Just as depression has no one sign or symptom, there is no standard typical reaction that a depressed person may receive when opening up to friends or professionals. However, it remains helpful for friends to be aware of the variety of responses a friend may receive or be concerned about receiving.
From the college: All colleges have different systems in place to treat mental illnesses, particularly the most prevalent, such as depression and anxiety. However, colleges differ in their willingness and ability to help in such circumstances. Most colleges do not have adequate resources, and recommend that extremely depressed individuals resort to off-campus treatment, which can be off-putting to an individual seeking help. While some students do find excellent counseling resources, some are unable to even make appointments. Furthermore, due to the sensitivity of depression and its relation to suicide, several colleges have reportedly forced students to withdraw or take a mental health leave. All of these factors can make it difficult for an individual with depression to be willing to make use of campus resources, though they are available and can sometimes turn out wonderfully.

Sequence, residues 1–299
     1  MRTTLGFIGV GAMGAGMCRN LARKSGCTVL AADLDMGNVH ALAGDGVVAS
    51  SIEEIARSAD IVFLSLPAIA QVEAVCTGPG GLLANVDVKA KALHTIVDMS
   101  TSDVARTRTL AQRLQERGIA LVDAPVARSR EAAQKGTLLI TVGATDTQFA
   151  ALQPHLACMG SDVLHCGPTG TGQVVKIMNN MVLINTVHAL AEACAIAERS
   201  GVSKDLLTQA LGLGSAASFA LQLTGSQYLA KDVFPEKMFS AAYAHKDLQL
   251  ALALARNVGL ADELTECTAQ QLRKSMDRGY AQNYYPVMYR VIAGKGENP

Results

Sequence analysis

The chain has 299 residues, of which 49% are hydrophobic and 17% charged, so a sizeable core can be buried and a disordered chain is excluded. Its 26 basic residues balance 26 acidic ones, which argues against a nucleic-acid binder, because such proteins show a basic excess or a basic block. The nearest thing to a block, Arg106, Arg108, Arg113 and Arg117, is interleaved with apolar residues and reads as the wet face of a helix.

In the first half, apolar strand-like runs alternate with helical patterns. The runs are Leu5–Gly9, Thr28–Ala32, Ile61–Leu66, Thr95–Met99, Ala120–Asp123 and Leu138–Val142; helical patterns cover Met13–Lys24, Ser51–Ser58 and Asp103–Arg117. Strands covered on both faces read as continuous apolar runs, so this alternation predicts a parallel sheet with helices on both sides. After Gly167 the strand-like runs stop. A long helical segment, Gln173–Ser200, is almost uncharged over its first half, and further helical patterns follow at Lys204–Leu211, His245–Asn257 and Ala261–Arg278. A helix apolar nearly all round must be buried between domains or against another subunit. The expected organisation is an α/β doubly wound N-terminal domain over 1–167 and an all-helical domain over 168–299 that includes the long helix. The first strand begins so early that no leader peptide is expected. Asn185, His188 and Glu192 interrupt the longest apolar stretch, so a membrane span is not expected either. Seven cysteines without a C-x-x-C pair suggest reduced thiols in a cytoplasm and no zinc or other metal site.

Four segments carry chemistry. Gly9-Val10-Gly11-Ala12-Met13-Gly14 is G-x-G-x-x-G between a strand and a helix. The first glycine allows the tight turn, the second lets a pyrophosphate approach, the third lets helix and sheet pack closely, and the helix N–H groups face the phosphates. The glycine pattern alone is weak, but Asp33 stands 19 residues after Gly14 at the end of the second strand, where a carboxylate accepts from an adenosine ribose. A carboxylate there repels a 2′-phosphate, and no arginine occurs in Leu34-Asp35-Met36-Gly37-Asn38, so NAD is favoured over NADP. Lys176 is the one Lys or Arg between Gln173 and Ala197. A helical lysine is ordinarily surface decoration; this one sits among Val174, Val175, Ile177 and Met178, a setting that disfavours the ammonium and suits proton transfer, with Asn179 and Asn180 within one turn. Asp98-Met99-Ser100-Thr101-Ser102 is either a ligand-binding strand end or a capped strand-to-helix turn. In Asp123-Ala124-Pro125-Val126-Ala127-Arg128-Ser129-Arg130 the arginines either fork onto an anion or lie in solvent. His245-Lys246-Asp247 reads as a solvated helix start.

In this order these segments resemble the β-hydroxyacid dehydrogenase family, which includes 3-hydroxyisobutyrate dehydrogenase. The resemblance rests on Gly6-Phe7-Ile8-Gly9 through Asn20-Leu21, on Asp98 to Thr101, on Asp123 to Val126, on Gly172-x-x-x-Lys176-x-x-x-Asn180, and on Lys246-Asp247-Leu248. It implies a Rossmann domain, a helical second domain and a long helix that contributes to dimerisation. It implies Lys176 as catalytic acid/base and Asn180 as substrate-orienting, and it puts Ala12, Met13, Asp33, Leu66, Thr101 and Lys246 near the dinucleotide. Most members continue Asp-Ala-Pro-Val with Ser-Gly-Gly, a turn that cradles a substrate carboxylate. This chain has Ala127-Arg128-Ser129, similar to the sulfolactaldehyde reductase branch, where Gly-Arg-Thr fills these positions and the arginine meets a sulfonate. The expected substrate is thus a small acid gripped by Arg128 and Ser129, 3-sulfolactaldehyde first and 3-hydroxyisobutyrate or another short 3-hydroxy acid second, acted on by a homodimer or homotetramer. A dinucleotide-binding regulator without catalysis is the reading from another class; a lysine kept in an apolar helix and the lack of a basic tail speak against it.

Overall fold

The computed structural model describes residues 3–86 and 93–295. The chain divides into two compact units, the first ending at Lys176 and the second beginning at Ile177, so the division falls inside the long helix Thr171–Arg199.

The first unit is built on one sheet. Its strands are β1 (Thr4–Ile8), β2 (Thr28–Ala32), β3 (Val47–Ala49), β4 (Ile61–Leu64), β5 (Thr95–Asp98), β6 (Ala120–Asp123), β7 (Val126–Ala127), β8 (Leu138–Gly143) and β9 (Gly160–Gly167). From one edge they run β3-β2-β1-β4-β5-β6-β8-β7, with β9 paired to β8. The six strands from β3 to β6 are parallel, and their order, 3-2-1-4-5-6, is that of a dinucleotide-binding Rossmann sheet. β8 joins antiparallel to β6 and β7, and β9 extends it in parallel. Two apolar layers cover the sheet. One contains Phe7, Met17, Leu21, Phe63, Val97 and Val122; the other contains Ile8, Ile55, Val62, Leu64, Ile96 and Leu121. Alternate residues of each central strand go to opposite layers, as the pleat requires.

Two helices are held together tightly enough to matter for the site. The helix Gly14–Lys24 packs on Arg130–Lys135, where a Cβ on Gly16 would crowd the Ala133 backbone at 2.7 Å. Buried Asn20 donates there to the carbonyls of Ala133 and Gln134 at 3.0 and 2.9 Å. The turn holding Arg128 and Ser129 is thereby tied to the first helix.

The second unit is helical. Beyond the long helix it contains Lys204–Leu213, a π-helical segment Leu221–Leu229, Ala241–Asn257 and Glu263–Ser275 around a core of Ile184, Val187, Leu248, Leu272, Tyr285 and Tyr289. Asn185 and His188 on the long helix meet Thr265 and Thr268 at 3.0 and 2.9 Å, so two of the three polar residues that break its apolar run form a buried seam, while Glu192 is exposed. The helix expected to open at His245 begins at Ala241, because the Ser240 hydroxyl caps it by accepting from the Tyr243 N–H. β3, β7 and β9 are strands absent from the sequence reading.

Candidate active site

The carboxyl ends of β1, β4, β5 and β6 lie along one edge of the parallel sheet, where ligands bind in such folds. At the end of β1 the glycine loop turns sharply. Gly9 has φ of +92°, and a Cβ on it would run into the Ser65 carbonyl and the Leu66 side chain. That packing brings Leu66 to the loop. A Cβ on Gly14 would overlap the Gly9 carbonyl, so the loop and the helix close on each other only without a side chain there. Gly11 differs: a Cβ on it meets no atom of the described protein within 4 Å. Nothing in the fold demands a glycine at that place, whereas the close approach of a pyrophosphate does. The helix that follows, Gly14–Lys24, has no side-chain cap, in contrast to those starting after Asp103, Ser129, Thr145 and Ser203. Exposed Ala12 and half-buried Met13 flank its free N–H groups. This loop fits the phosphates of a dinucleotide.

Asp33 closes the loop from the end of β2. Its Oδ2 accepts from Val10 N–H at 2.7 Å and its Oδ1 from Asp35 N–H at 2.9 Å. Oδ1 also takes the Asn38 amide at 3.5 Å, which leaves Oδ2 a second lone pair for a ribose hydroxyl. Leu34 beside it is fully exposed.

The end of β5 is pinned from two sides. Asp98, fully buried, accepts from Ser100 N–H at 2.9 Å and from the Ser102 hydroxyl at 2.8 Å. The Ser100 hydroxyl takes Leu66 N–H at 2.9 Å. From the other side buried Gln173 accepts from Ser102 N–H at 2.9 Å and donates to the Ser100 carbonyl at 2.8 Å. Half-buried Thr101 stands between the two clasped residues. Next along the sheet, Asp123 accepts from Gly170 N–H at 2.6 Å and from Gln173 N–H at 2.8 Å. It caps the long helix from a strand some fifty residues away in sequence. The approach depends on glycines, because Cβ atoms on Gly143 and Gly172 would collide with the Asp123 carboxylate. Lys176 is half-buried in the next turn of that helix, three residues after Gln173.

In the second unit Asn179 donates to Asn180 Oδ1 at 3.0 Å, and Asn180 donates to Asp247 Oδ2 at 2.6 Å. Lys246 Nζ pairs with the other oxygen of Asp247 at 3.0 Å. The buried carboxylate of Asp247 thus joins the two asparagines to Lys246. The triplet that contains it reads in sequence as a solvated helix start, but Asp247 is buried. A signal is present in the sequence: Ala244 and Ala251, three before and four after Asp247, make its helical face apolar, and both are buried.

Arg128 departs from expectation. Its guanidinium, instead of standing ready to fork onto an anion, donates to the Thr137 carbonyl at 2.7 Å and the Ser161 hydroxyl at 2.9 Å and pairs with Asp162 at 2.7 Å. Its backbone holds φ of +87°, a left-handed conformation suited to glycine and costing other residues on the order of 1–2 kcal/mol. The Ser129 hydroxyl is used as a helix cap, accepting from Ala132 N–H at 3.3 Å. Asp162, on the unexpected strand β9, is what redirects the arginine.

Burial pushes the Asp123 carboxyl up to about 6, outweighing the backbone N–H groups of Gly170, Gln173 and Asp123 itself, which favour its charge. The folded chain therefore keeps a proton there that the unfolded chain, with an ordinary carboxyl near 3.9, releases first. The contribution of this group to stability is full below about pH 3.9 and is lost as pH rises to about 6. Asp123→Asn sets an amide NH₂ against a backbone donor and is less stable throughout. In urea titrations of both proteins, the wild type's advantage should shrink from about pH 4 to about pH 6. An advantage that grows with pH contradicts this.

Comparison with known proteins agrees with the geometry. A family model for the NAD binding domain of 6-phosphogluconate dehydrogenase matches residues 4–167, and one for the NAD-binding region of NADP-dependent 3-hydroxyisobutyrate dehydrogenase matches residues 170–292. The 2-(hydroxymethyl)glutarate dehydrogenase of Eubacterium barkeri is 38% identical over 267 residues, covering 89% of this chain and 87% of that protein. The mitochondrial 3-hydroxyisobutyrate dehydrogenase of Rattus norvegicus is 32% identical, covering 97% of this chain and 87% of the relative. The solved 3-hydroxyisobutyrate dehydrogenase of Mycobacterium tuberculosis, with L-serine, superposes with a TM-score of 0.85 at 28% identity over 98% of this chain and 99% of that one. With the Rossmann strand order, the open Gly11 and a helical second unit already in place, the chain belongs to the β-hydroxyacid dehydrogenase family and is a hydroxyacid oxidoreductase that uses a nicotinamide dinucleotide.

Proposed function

From friends, classmates, and peers: Some peers have the ability to be extremely empathetic, especially considering the sheer number of college students who experience depression. In such cases, admitting to depression can be cathartic and helpful, and peers and friends may become a valuable support system for a depressed friend. However, that friend may also be concerned about the stigma and judgment that so often accompany and admittance of suffering from depression. Even a friend who has not had depression can be sympathetic and helpful, but a depressed friend may worry of the response. Some friends may initially be supportive, but later become distant, even telling the depressed individual that they no longer want to hear about the issues. Some depressed college students report friends not wanting to discuss any mental health aspect because they could not help and did not want to deal with it. Some even ended friendships because they could not handle an unwell friend and because the friendship was no longer the same. This can cause a depressed individual to feel even more worthless and troublesome, furthering their depression. Thus, friends can have a variety of reactions, and fear of a negative one can make it harder for a depressed individual to open up.